uplifting thoughts and inspiration on faith
The Book of Genesis, meaning “origin”, or in Hebrew, “In the beginning”, is the first book of the Hebrew Bible (the Tanakh) and the Christian Old Testament or Old Covenant.
References to the Hebrew Bible are very important to keep in mind as the Old Testament is a history of the Jewish people and their relationship to God. In ancient times they did not have the benefit of paper and books as we know them today and many times people were not educated enough to know how to read even if written texts were available. The scriptures were learned by hearing them read aloud. The Jewish tradition remains to read the scriptures out loud.
The word parashah is Hebrew and means “portion”. The plural, “portions”, is parashot. Formally a parashah means a section of a biblical book in the Masoretic text of the Tanakh (Hebrew Bible).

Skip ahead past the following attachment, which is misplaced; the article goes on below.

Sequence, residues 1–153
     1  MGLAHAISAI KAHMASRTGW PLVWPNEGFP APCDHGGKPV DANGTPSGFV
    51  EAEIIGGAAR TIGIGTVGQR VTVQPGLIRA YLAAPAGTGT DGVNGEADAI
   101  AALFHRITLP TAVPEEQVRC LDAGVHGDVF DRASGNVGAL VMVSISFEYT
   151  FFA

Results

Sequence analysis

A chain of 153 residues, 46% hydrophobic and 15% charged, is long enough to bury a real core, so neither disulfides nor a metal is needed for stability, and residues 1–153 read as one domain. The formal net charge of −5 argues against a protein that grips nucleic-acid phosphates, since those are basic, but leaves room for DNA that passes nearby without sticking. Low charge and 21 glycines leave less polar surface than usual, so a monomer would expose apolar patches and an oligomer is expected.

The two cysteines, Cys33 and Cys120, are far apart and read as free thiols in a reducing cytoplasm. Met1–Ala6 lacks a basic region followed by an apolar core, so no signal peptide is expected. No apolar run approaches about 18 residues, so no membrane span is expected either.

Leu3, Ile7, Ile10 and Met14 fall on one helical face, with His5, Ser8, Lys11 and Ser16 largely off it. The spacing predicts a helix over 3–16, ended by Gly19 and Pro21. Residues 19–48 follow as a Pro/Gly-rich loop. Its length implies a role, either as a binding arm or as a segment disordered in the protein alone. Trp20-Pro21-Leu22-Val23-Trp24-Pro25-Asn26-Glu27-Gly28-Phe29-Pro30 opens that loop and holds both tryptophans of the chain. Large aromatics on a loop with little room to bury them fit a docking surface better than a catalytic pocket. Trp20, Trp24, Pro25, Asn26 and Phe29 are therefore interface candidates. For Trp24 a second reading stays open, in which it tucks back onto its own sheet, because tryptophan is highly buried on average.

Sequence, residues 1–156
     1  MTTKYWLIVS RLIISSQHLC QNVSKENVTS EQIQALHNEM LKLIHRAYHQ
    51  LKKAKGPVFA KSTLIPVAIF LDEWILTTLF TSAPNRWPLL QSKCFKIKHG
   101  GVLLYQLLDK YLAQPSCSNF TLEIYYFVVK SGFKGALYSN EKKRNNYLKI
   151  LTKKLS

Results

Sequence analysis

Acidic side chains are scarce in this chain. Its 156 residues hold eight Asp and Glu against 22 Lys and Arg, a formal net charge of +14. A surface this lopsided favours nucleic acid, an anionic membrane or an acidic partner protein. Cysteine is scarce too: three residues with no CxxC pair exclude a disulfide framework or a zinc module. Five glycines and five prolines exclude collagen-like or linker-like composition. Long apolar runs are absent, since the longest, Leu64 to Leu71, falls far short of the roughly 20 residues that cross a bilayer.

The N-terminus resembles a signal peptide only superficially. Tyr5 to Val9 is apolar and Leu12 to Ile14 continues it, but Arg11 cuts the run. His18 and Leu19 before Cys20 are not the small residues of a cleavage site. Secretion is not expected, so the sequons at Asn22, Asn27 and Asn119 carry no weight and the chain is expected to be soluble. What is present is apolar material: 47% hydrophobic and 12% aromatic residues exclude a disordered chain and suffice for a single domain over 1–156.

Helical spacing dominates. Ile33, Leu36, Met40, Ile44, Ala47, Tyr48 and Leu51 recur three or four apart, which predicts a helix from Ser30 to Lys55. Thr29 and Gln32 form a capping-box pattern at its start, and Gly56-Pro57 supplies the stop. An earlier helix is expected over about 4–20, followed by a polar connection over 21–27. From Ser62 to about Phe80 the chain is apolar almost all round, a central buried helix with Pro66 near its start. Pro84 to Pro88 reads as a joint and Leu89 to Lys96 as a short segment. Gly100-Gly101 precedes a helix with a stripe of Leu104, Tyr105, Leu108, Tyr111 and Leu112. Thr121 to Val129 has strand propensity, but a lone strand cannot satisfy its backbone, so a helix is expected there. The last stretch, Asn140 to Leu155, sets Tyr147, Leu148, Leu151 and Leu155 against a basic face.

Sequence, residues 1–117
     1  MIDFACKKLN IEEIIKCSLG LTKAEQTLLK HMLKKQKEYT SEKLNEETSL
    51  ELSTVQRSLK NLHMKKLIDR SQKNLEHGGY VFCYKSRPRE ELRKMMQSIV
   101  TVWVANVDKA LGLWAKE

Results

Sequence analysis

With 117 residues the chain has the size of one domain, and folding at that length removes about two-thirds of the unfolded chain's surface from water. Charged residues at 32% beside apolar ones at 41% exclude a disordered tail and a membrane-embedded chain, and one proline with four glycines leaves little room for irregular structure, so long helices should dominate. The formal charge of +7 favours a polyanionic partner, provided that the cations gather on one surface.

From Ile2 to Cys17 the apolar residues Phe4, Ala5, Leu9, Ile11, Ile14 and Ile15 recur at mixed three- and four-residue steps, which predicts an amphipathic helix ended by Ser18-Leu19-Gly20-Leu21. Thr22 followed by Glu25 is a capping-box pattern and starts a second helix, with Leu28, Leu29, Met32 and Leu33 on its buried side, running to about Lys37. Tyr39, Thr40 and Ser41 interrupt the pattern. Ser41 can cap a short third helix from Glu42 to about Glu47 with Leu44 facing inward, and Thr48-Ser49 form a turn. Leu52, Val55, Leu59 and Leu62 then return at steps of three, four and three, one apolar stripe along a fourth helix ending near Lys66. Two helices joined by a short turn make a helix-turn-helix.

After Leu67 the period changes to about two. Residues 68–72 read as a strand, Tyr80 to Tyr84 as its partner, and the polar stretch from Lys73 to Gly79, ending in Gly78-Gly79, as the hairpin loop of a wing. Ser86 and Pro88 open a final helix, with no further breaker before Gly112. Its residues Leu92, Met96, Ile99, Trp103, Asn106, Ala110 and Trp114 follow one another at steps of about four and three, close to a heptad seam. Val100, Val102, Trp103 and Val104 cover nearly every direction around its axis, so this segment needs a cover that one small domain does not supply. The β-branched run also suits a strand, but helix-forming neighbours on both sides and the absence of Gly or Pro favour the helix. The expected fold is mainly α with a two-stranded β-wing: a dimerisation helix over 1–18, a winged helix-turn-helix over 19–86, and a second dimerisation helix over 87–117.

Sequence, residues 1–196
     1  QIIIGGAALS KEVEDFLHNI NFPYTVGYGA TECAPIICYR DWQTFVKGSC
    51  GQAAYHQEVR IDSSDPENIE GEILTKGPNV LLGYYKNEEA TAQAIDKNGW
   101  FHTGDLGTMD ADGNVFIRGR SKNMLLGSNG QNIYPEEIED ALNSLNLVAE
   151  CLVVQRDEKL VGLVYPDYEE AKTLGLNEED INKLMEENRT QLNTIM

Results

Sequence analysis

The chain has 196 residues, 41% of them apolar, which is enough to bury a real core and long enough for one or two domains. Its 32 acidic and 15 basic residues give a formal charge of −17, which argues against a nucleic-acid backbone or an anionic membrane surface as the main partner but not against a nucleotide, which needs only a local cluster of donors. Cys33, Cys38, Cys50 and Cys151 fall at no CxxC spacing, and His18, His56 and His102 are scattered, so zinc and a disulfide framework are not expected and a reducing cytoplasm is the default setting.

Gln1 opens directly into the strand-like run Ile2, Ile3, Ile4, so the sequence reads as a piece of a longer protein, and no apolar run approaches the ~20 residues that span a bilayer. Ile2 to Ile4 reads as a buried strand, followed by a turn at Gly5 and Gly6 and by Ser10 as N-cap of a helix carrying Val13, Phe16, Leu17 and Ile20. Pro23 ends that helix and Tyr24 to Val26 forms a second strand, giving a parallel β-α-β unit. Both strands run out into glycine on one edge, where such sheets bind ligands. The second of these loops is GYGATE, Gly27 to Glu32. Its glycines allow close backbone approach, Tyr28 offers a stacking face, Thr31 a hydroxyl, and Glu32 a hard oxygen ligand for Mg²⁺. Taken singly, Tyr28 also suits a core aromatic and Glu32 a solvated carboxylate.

First day: God separated light from darkness. (Genesis 1:3–5)
Second day: God separated the waters, creating sky. (Genesis 1:6–8)
Third day: God gathered the water below the sky, creating land and sea, and God caused vegetation to sprout from the land. (Genesis 1:9–13)
Fourth day: God set lights in the sky to separate days and years, creating the sun, the moon, and the stars. (Genesis 1:14–19)
Fifth day: God had the waters bring forth living creatures, and blessed them to be fruitful and multiply. (Genesis 1:20–23)
Sixth day: God had the earth bring forth living creatures, and made man in God’s image, male and female, giving man dominion over the animals and the earth, and blessed man to be fruitful and multiply. (Genesis 1:24–28) God gave vegetation to man and to the animals for food. (Genesis 1:29–30 )
Seventh day: God ceased work and blessed the seventh day, declaring it holy and a day of rest. (Genesis 2:1–3)